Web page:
According to Manolin’s industry data, salmon farm production ratios have decreased throughout Norway over the past five years.
With production ratio as a calculation of how much each farm is able to produce on their allocated biomass, the data shows that farms are becoming less efficient, on average.
Norway is continually developing strategies to improve production outcomes—using larger smolt and focusing on better breeding, for example—yet improvement is still needed. A number of variables contribute to this, but rising production cost, increasing regulatory pressure, and declining fish welfare in recent years mean the odds are stacked against farmers.
It’s clear that Norway needs to reexamine its regulations and systems to better support sustainable growth in the aquaculture industry.
If the country hopes to meet its ambitious goals of increasing salmon production five-fold by 2050, its approach must change.
Rising production cost
Fisheries, aquaculture and food research institute Nofima reported in 2019 that “it is becoming increasingly expensive to farm salmon” in Norway.
Production costs in the Norwegian aquaculture industry rose by around 50 percent from 2012 to 2016, according to Nofima, and have continued to increase since. Sea lice treatments are among the biggest culprits of this increase, along with the rising cost of fish feed and global economic inflation.
Lice prevention also means lost income. In a December 2019 report, Nofima and analyst group Kontali estimated that slaughtering 1 million fish early costs a farm an additional NOK 30 million to NOK 45 million ($3.4 million-$5.2 million/€2.8 million - €4.3 million). Diseases like PD are estimated to cost the industry another NOK 1 billion to NOK 6 billion ($116 million-$698 million/€95 million/€570 million) per year.
Each of these factors can increase susceptibility to another, though, so accurately estimating the impact becomes difficult.
The true cost of lice and disease for farmers and the industry at large is continuing to grow, even as management practices become more strategic. For small producers, rising production costs put a strain on resources and their ability to invest in long-term strategies.
Declining fish welfare
In addition to running their businesses and keeping fish healthy, farmers must juggle compliance with nine regulatory acts, six departments, and six government agencies as well as county municipalities. Regulatory pressure to keep sea lice under control, specifically, is clearly impacting fish welfare.
Chemical bath treatments tend to be expensive and wrought with human and environmental health concerns. Meanwhile, as Salmon Group’s "Fish Welfare in Fish Farming" report noted recently, cleaner fish have a high mortality rate and frequent disease outbreaks, indicating a struggle to adapt to net-pen environments. So farmers are having to rely more on mechanical treatment options, as Manolin’s data showed last month, which put fish at an increased risk of injury and disease.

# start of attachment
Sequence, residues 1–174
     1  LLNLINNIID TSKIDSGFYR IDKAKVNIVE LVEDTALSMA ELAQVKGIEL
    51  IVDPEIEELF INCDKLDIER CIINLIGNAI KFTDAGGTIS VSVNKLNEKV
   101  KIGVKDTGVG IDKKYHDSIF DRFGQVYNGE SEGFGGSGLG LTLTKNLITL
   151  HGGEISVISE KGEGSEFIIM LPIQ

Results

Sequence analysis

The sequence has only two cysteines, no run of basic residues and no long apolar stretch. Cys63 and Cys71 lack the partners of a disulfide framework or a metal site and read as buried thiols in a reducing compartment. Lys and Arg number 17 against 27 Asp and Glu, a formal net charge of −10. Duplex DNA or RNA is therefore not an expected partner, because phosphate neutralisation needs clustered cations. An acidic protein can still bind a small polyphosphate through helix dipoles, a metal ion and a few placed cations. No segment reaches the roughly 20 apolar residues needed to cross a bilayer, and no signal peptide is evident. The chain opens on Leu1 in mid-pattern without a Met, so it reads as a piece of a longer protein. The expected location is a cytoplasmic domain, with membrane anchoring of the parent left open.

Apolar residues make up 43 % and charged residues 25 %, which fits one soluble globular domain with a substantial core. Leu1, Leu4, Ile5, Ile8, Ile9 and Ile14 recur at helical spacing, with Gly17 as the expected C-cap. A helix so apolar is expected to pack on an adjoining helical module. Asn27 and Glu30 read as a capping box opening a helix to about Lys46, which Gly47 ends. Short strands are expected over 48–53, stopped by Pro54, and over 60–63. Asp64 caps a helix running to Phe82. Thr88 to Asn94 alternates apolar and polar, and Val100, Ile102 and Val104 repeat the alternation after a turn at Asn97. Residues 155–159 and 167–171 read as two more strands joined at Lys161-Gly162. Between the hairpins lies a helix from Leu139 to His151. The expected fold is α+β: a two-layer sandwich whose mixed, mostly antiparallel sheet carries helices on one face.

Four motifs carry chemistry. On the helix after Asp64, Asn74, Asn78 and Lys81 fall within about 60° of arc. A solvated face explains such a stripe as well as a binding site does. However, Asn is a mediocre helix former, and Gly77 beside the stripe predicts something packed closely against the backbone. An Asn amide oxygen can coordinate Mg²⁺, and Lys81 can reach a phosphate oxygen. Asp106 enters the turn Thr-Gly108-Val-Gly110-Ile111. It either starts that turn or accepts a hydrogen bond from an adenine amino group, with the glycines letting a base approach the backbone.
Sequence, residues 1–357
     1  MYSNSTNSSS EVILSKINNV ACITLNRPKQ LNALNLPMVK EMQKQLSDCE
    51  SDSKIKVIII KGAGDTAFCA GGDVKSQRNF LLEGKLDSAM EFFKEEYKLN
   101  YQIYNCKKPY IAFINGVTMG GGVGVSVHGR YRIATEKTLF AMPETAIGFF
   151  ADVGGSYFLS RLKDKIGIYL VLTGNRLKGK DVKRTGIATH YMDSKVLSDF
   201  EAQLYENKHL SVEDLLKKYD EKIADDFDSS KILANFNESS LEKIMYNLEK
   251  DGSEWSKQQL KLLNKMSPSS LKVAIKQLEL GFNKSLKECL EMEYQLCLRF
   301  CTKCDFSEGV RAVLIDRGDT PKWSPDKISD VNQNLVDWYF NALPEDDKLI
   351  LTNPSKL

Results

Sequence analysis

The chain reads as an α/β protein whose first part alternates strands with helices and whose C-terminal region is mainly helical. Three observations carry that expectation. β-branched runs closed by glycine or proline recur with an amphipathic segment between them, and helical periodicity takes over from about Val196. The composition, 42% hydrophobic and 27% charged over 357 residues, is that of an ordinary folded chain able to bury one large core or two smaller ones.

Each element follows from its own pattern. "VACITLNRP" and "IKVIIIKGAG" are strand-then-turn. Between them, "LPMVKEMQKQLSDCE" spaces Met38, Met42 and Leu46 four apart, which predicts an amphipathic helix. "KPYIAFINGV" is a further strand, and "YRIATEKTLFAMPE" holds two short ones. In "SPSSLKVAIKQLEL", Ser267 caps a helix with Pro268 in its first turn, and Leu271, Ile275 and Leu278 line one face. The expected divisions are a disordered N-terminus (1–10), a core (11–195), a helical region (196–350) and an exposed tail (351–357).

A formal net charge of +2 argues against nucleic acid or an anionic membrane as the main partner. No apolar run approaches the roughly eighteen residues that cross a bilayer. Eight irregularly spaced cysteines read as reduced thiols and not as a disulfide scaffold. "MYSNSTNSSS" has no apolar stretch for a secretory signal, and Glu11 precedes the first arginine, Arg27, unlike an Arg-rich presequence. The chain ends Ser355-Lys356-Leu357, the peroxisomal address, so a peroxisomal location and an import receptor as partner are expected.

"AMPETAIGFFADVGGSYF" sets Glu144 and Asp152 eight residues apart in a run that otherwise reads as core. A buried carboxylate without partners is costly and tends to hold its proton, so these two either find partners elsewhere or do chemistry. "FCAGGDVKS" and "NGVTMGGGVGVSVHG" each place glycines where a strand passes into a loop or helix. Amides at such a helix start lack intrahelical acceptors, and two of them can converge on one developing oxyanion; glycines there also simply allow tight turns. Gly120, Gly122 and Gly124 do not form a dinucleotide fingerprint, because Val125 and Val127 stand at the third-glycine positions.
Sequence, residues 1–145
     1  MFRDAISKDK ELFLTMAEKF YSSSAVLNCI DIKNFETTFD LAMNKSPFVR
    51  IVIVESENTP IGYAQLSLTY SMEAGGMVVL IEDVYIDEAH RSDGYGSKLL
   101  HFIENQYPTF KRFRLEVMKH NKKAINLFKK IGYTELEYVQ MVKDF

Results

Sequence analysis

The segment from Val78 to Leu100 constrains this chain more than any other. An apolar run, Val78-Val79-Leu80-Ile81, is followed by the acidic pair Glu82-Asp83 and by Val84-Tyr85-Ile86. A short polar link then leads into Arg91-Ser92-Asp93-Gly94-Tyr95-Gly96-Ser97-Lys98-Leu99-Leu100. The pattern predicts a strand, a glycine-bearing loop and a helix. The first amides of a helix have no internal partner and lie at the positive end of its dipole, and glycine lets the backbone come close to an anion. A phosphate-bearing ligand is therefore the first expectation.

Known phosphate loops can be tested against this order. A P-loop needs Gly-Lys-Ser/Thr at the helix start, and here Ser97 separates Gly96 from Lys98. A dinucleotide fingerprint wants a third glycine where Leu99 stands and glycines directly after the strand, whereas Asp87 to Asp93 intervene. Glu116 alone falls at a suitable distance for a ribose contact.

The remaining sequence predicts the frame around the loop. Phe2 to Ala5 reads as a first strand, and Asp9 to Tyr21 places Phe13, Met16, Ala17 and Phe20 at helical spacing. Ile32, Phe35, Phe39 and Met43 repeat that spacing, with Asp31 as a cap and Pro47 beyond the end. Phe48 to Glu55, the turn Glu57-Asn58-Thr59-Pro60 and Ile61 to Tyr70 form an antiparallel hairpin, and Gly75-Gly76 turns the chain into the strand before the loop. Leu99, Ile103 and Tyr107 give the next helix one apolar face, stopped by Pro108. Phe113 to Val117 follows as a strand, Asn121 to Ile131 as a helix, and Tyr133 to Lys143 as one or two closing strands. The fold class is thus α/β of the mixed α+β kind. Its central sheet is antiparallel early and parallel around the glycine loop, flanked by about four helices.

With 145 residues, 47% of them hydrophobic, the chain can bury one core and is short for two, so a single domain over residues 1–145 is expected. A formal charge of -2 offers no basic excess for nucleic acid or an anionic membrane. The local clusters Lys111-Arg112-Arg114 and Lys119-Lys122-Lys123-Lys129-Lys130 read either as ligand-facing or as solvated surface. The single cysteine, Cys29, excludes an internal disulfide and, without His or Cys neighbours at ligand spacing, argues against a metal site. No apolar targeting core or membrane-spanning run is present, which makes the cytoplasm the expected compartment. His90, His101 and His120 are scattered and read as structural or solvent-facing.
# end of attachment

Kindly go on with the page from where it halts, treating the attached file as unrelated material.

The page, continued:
According to the Norwegian Veterinary Institute’s 2019 fish health report, almost 53 million salmon fish died in the cages last year, around 16 percent of the stock. The institute’s survey of fish health professionals found that injuries after de-licing were the main reason for reduced fish welfare.
A study in Marine Policy this year also noted that more frequent de-licing measures to keep sea lice below the legal limit in Norway have led to salmon welfare problems and higher mortality rates.
Strict limitations mean that even when a farmer knows fish will be harvested in a few days, he or she may be forced to treat against lice anyway to meet requirements.
As Salmon Group notes, “fish are caused unnecessary pain and suffering simply to comply with rigid regulations ... short-term solutions do not benefit neither the industry nor the fish in the long term.”
The industry needs to continue evolving as new tools and findings emerge. While the traffic light system has effectively kept lice numbers down, it is a singular metric of success; the country now has the data to dynamically measure fish health across productions.
These new depths of data and incredible strides in research are opening new paths forward. This can give farmers the flexibility to do what’s best for their fish—benefiting long-term fish, farm, and environmental health, not just next week’s lice levels.
For Norway to maintain its status as a global leader in sustainable aquaculture—and prevent production cost and fish welfare pressures from getting worse—government, research, and industry need to act as one well-oiled machine. The abundance of experience and ideas between these players can facilitate the real-world application of research, test unconventional collaborations, or follow trends from the cage-level to industry-wide. Most importantly, this can all be backed by numbers.
History has shown the industry is not immune to downturns. If these trends are building among the Norwegian salmon giants, one of its most profitable and successful sectors, it's a sign of difficulties ahead for aquaculture as a whole. The future of the industry is in learning from its deep wellspring of data and experience to quickly iterate and improve.
Tony Chen is the CEO of Bergen, Norway-based Manolin.